The overhead of having to account for multiple standards in neuroscience research is very high. With multiple competing standards, those developing tools may need to implement and maintain several input/output interfaces or develop format conversion routines, draining time and money away from more critical tasks. For example, Neo, a Python package for representing electrophysiology data, provides IO modules for ~20 different electrophysiology formats.Footnote 7 With poorly documented or out of date standards, projects may invest in a standard to accommodate immediate needs, only to find that it hasn’t achieved widespread uptake and therefore outputs are not FAIR.

In areas that benefit from well documented and validated standards, standards organizations or standards bodies play a central role in the adoption and promotion of standards and best practices. Standards organizations like the W3C and IEEE have as their primary activity the development, coordination, promulgation, and upkeep of technical standards that are intended to address the needs of a group of affected adopters (e.g., Web browser developers, hardware developers; (Wikipedia contributors 2018b). They establish criteria by which standards and best practices can be evaluated and a means for community vetting to ensure that the standard is needed and functions appropriately. Such criteria include the availability of proper validation tools and implementations.

Standards efforts in basic science are also propelled by dedicated organizations such as the Research Data Alliance ( to provide a substrate whereby communities can come together to define a needed standard, or to provide coordination among different standards’ efforts to ensure interoperation. For example, the Computational Modeling in Biology Network (COMBINEFootnote 8), is an initiative composed of those developing standards and tools for computational modeling, whose goal is to “coordinate the development of the various community standards and formats for computational models. By doing so, it is expected that the federated projects will develop a set of interoperable and non-overlapping standards covering all aspects of modeling in biology.”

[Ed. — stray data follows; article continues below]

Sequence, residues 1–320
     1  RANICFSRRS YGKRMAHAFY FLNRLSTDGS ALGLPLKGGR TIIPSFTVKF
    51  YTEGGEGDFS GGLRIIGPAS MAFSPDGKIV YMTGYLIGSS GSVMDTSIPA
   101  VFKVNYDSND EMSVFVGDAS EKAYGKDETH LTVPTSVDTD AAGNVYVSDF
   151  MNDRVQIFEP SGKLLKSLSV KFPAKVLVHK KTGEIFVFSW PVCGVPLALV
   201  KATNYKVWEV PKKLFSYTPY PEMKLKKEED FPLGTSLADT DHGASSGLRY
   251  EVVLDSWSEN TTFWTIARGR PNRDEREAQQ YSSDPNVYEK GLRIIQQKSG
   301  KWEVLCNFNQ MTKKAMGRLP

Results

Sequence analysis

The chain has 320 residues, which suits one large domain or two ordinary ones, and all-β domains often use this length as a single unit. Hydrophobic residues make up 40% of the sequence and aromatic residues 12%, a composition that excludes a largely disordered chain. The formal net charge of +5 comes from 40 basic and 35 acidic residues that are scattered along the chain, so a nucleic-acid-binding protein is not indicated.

Neuroscience, whether basic, clinical or computational, similarly will benefit from having a dedicated standards organization to help support the ambitious goals of international brain projects and the needs of individual investigators, including the necessity to formally publish data and tools in an effective manner. The International Neuroinformatics Coordinating Facility (INCF) has been actively working in the area of standards and infrastructure for neuroscience over the past decade. Here, we outline how INCF is evolving its operations to promote open and FAIR neuroscience across international boundaries. In particular, INCF is taking on a more formal role as a standards organization for neuroscience, by extending their work in standards to include the evaluation, coordination, and endorsement of community standards. Through this process, neuroscientists and big brain projects will have uniform, unbiased and independent analysis of neuroscience standards and best practices, to ensure that standards are robust, well supported and documented.

INCF as a Standards Organization